The second thing is, the phone is priced at only $299/$349 USD, for the 16GB/64GB models respectively. You don’t need me to tell you, that’s abnormally cheap and the 64GB is the no brainer. You’d normally barely be able to pick up a middling mid-range device for that price. How is this even possible? It’s this cheap because it’s being sold at, or near cost, according to Peter Lau, the CEO. OnePlus, despite admonitions to the contrary, is likely being bankrolled by parent Oppo, with access to their manufacturing economies of scale. For comparison, the iPhone 5S carries a $199 bill-of-materials, with the S5 coming in at around $250. The remainder between that and selling price is marketing/research/overheads, and of course, juicy profit. What OnePlus’ long-term strategy is, I’m not so sure, but it’s clear that from the rabid demand, that this formula is working for now.

This is clearly not sustainable, but who doesn’t like to buy stuff at cost? OnePlus is not just knocking at the door, it’s flying in with a dropkick.


The sandstone finish is neither overly smooth nor rough, and offers a moderate amount of grip. If it was yellow/brown, it’d look delicious.

What’s the catch?

Initially, I was very suspicious for a few reasons. Firstly, OnePlus doesn’t shy away from controversy, it runs head long into it with bells on. To have the option just to buy one of these phones from OnePlus directly, you need to have an invite. Tacky, but it seems to be working as there are countless ‘waiting lists’ on dozens of forums and a whole market of resellers (read: scalpers). These were incredibly difficult to obtain in the early days, but slightly less so nowadays. The first promotion they did was one where you had to smash your existing phone, to get an invite. Then more recently, inviting women to skip the queue by posting selfies with OnePlus messaging. As you can imagine, they were not received well and these promotions were pulled quickly. Hard to determine if it was marketing folly or genius, I’m leaning towards the latter. Dubious practices aside, I obtained my phone a few weeks ago from a reputable eBay seller and set about finding out just what corners were cut.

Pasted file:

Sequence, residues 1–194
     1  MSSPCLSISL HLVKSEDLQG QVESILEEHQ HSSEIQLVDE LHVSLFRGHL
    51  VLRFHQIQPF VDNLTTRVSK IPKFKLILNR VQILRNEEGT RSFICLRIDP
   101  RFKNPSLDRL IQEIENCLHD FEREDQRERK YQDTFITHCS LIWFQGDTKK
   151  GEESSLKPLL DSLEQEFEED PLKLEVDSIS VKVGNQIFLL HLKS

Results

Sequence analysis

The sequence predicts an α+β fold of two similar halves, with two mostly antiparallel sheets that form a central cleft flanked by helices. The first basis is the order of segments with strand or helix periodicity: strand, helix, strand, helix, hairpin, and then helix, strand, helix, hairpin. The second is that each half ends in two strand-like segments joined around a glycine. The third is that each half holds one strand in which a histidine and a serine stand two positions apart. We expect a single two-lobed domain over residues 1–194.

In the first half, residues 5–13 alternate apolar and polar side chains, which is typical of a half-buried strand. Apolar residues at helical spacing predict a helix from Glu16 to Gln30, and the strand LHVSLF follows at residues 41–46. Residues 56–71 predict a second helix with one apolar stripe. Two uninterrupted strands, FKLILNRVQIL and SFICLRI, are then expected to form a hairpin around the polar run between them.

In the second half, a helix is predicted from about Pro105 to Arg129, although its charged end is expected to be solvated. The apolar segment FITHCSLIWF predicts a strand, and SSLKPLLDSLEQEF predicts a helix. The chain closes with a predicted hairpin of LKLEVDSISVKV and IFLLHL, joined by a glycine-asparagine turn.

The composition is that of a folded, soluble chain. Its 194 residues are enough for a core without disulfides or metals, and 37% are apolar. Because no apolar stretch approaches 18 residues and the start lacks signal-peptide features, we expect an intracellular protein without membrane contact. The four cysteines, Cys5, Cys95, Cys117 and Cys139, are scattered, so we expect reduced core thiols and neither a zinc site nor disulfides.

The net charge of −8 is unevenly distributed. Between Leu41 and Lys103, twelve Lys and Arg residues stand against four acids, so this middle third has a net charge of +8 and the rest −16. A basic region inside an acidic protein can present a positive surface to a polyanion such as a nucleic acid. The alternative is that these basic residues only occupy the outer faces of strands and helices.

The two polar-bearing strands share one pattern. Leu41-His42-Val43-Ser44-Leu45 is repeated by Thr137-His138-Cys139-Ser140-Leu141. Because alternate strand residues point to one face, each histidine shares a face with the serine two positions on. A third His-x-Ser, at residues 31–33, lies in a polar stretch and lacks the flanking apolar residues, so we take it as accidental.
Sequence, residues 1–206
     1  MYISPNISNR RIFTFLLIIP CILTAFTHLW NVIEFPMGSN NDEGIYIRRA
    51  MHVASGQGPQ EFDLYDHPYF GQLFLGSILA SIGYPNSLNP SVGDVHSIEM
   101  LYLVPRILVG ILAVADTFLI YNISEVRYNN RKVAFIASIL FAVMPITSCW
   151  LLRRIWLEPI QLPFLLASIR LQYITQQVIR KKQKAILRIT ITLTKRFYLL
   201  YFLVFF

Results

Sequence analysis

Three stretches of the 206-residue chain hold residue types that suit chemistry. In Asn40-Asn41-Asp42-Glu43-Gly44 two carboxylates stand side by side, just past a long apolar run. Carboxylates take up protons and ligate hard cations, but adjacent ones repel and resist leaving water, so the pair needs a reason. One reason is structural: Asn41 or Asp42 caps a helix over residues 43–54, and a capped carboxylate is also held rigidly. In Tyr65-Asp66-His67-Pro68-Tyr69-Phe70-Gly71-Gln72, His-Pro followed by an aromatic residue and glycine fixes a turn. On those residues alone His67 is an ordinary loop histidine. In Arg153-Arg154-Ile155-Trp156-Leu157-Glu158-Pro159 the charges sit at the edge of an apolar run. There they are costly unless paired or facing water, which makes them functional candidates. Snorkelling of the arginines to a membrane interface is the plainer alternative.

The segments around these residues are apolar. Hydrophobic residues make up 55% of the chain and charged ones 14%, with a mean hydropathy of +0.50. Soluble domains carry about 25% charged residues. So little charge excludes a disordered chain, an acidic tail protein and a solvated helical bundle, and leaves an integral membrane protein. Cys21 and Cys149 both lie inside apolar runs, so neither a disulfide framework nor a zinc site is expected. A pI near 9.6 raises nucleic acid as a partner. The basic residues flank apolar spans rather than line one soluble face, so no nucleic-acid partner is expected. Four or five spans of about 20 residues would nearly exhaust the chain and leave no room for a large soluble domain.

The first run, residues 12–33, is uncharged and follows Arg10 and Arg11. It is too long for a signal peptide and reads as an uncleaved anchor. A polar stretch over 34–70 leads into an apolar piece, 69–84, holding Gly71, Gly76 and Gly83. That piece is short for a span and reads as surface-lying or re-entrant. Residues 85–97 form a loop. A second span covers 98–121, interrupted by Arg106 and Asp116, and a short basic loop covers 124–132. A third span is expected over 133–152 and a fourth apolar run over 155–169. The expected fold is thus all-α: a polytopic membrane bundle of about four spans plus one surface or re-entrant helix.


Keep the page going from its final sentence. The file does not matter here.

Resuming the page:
How does it wield?

It’s extremely spartan on the outside, a balanced and simple aesthetic without being overly busy. A biggish phone, at 153mm x 76mm, it towers over just about everything, height-wise, even the Galaxy Note 3, by 2mm. But where the Note 3 is wide and has a stubby aspect, the OPO is substantially narrower. This, combined with the thin rounded back and ‘Sandstone’ finish on the back, makes the 162 gram device comfortable to use in-hand for extended times, more so than the Nexus 5. There are capacitive buttons, horribly dimly lit, and in the wrong (ie. Samsung order of menu on the left). These can be completely disabled in software, allowing on-screen buttons, which I highly recommend. The physical side buttons are placed about 40% of the way down, much lower than Nexus 5. You can find out detailed specs here.

About the size, it’s not monstrous, but it is noticeably bigger than other phones. The narrow width stops it from being too clumsy, but all the same, it does take some getting used to. If you’re coming from anything other than an iPhone or a small Android device, then it will seem more incremental than shocking. But in terms of usage, that extra screen space feels luxurious and spacious to view. Like sitting in a comfortable leather couch after spending all day in a cramped office chair, surrounded by small cubicle walls, enclosed in solitary confinement, in a coffin, underground.